Chancers: Addiction, Prison, Recovery, Love: One Couple’s Memoir, SUSAN STELLIN, ’90, and Graham MacIndoe; Ballantine Books, $27. Few drug addicts’ life stories take the upward trajectory that this one eventually does. Writing in separate chapters, photographer MacIndoe and journalist Stellin lay bare a harrowing, decade-long journey — both together and estranged — through his heroin/crack addiction and resultant incarceration to reconciliation. MacIndoe, a Scottish national, was also detained in federal prison facing deportation, but he found personal freedom in that very prison’s drug program, as Stellin fought to secure his legal victory.
The Story of a Brief Marriage, ANUK ARUDPRAGASAM, ’10; Flatiron Books, $24.99. In Arudpragasam’s debut novel, set in his native Sri Lanka’s bloody civil war, Dinesh works at a makeshift hospital for evacuated civilians wounded in the conflict. Between Dinesh’s assisting with amputations and digging graves, another man in the refugee camp asks the young man to marry his daughter, Ganga. The proposal, and the ensuing few hours the couple spends together, reinvigorates his sense of humanity and the possibility of love in the face of death and disaster.
Deceit and Other Possibilities, VANESSA HUA, ’97, MA ’97; Willow Books, $18.95. Hua’s debut short story collection gazes through the lens of recent immigrants to examine family relationships in all their beauty and complexity, the weight of expectation, and the struggle between ancient tradition and assimilation. Each vignette takes place in the blink of an eye; together they show the everlasting struggle to secure our own footing while holding on, however tenuously, to one another. These are pointed, memorable tales.
The following did not appear in the print version of Stanford.
The Land Remembers: An Introduction to Terroir and Its Expression at MacLeod Family Vineyard, GEORGE M. MACLEOD, ’43, MS ’48, and ARTHUR DAWSON; self-published, $20. Grower and winemaker MacLeod shares his years of wisdom about how the elements of any given grape-growing location — including the soil, sun and breezes but also much more — are revealed in the resulting wines. A thought-provoking guide to a complex subject, with contributions from MacLeod’s son and daughter as well as experts Jim Shere and Jeff McBride.
Legacy of the Lone Sentinel: An Autobiography, SHERMAN GEE, PhD ’66; Andrew Benzie Books, $8.99. A fourth-generation Chinese-American man traces his life and career path and talks about how “serendipitous events” led to much unexpected success. The melding of immigrant Chinese and early California cultures is also discussed.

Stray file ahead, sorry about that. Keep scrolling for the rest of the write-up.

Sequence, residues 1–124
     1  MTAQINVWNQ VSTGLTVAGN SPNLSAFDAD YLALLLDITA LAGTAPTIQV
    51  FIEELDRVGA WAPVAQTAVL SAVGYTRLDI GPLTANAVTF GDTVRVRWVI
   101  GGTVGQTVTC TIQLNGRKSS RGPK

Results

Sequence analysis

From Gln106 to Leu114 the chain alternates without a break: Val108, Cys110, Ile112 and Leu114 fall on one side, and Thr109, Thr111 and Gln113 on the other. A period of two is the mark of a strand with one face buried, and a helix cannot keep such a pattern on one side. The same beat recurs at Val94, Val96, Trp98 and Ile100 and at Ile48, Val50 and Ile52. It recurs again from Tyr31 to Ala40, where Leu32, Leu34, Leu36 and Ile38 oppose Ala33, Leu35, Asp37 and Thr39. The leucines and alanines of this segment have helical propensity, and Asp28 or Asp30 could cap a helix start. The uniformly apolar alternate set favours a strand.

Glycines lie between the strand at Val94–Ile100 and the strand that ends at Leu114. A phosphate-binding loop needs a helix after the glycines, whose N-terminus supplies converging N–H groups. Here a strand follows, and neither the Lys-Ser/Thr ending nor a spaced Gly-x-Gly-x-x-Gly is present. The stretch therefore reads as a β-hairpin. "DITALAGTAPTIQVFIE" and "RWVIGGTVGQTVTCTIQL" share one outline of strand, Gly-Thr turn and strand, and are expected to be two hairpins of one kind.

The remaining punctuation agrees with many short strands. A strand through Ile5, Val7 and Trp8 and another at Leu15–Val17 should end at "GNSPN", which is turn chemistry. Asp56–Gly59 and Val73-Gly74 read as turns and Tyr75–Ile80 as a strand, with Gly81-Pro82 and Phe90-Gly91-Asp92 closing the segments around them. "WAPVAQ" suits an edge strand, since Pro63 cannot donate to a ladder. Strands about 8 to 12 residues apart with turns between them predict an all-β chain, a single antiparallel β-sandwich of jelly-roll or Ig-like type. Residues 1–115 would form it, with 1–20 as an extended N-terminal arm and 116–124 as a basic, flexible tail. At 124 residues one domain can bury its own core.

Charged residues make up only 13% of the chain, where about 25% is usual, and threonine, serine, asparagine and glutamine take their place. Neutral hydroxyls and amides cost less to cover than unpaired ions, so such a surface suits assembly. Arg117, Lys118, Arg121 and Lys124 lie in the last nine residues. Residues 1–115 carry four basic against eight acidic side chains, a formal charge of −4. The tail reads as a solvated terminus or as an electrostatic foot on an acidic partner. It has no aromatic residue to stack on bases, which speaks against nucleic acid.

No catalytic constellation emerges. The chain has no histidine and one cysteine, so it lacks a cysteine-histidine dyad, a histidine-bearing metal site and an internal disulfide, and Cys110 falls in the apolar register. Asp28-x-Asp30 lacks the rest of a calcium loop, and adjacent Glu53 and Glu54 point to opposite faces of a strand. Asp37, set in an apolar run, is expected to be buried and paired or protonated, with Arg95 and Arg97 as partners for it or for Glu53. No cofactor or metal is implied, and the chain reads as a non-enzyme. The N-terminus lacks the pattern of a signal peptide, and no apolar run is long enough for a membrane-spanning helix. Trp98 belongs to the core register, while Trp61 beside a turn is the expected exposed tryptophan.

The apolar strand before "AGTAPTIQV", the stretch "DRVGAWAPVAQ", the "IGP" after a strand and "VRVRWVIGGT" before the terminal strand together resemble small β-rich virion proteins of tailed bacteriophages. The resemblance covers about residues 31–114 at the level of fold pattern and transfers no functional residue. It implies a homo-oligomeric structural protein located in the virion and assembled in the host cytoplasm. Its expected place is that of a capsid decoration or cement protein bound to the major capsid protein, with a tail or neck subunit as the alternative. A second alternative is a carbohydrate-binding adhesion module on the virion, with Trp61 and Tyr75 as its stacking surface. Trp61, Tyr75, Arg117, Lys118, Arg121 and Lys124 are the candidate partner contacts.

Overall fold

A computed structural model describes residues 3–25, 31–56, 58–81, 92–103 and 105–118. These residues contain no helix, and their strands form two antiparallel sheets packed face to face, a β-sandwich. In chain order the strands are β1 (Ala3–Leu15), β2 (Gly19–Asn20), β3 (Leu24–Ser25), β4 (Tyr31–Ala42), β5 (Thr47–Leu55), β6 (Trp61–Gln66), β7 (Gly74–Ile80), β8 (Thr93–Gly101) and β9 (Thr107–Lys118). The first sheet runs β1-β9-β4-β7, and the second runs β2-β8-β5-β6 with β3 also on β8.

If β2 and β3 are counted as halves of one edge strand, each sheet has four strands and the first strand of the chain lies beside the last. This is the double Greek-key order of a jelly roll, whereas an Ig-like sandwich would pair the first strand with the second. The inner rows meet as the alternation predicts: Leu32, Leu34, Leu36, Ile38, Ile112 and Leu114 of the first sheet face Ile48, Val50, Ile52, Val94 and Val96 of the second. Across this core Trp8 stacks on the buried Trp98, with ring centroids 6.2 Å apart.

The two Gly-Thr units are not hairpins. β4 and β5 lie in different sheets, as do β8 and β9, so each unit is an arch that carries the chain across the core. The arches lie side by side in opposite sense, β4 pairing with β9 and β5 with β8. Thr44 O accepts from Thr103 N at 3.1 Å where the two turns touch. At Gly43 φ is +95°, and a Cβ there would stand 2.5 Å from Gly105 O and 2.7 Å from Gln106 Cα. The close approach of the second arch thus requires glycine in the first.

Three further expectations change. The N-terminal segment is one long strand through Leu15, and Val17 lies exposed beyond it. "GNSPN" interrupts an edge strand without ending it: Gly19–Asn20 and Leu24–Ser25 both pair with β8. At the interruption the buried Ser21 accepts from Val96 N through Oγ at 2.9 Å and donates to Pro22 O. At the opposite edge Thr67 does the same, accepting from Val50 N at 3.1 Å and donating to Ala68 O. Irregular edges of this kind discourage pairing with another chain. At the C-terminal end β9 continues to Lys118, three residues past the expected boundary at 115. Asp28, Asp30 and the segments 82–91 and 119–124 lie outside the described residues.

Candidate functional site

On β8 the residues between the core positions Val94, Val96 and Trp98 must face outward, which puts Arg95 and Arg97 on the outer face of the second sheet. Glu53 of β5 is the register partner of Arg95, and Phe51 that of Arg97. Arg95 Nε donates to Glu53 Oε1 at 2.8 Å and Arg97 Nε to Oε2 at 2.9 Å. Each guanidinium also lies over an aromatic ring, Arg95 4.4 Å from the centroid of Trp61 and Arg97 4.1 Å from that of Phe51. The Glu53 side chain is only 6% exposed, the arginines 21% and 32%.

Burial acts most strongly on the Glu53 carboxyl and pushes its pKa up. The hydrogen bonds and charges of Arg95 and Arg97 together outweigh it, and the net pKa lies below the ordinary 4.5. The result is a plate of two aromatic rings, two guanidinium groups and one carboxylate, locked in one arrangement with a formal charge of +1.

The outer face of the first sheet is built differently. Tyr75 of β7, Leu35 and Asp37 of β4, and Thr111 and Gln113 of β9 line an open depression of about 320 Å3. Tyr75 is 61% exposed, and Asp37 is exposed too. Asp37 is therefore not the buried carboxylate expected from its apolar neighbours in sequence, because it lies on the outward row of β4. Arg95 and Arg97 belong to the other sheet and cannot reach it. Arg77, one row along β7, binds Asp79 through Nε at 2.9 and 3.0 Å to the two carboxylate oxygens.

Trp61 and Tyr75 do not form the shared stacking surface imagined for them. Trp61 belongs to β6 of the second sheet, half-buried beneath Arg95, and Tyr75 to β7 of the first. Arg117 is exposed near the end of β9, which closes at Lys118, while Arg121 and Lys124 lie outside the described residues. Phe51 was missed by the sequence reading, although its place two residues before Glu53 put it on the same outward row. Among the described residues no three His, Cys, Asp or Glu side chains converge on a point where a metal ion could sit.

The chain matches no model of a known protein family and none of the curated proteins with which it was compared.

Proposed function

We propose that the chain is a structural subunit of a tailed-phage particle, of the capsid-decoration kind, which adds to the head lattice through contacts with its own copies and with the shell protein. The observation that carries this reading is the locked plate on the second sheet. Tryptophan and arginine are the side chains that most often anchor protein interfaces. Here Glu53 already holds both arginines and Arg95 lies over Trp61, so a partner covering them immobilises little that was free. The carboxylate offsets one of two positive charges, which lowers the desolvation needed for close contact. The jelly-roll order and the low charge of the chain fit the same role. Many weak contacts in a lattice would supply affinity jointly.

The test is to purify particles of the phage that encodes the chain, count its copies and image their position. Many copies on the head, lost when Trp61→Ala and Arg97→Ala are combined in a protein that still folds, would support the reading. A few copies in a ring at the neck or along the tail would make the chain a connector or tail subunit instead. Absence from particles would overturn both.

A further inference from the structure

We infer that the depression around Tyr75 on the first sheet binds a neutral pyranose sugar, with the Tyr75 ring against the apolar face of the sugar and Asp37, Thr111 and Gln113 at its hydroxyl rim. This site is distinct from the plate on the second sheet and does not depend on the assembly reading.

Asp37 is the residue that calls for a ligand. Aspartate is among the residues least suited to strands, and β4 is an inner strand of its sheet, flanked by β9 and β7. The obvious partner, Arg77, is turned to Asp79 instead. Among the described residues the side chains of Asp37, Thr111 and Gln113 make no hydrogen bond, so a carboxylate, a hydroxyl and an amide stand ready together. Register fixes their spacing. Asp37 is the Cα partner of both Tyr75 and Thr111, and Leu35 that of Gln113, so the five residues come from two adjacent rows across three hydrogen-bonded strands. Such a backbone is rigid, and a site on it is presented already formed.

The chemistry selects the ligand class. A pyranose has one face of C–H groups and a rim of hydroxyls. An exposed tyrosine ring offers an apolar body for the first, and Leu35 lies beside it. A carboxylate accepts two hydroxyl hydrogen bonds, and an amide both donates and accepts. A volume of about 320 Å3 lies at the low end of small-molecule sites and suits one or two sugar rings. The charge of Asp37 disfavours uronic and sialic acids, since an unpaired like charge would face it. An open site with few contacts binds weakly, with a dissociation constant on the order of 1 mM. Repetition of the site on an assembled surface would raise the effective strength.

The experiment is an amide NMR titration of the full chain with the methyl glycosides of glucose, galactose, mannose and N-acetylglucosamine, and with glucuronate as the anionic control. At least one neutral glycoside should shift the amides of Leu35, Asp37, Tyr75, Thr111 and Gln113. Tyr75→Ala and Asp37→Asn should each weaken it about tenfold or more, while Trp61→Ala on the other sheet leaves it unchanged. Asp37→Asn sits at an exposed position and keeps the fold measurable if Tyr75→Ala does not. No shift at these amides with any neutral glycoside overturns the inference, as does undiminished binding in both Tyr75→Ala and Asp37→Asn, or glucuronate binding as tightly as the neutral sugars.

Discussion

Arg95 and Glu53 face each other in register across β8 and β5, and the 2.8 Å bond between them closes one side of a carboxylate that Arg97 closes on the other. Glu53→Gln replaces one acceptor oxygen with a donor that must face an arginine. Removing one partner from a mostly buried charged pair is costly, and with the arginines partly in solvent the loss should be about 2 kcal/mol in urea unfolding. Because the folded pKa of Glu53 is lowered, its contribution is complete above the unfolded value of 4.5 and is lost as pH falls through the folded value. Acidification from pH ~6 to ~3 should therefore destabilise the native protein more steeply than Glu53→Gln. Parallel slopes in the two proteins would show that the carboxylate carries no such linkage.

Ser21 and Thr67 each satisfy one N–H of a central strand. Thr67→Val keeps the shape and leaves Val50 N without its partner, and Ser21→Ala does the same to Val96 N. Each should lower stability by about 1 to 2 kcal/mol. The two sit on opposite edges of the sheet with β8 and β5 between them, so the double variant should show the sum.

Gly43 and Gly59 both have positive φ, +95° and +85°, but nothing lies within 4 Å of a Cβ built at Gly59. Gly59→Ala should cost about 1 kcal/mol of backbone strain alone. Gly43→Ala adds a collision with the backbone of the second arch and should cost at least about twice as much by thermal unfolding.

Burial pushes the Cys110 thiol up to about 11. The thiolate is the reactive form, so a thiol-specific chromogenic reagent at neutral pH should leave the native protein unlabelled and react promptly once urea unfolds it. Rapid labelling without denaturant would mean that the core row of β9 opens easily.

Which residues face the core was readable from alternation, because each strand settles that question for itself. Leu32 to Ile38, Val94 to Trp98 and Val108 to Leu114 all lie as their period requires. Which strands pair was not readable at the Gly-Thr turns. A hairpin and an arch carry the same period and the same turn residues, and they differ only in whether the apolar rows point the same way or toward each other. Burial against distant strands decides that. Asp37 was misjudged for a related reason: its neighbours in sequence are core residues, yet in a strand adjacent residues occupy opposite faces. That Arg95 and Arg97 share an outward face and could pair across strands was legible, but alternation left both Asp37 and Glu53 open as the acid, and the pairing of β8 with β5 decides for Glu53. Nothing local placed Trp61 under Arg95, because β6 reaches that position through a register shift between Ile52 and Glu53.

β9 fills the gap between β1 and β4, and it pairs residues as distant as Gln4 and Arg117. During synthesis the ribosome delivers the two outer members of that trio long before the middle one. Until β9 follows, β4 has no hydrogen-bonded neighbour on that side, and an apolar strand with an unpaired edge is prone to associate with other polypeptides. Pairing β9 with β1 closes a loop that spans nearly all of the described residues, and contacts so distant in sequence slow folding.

Tensile Trading: The 10 Essential Stages of Stock Market Mastery, GATIS N. ROZE, MBA ’81, Grayson D. Roze; Wiley, $75. Father and son investors share practical advice for building a plan for profitable investing based on organizational routines, discipline and self-control. Following a trading plan can help investors conquer common, and often costly, psychological struggles and educational gaps regarding buying and selling.
The Worst Generation: A Myopic Prosperity, DAN P. GREANEY, ’79; Roundfire Books, $19.95. Written as a fictitious woman’s memoir — part letter to her father, part recounting of her life — The Worst Generation sweeps through decades of semi-fictionalized history, showing how small ignorances of issues like the environment snowballed into an all-too-recognizable dystopian world.
Flair, JIM POAGE, ’65, MS ’66, and JENNIFER POAGE; Maven House Press, $24.95. The father-daughter duo unite their respective expertise in organizational productivity and art/design to show how a little flair thoughtfully incorporated in products, services and daily work can help a person take his or her company or career to a whole new level.
The Book of Forbidden Wisdom, GILLIAN MURRAY KENDALL, ’79, MA ’79; Harper Voyager Impulse, $6.99. Angel wakes up on her wedding day feeling like she wants to get it over with more than anything. But when her long-lost brother shows up during the ceremony, it propels her on a journey for a book containing untold secrets of the world.
Epistles: A Friendship, TERRY TERHUNE, MA ’65; self-published, $29.99. A compilation of letters and photos tell the story of Peggy Newman and her years of battling multiple recurrences of breast cancer; the author’s reflections and prayers contemplate how her friend faced them with such grace and courage.
Exiled Home, SUSAN BIBLER COUTIN, MA ’85, PhD ’90; Duke University Press, $24.95. The Salvadoran civil war displaced many refugees who sought asylum in the U.S., families and children among them. Coutin’s extensive interviews and analysis reveal how they struggled to make sense of themselves and their migration to a place they didn’t understand — and for some, deportation to a place they could scarcely remember.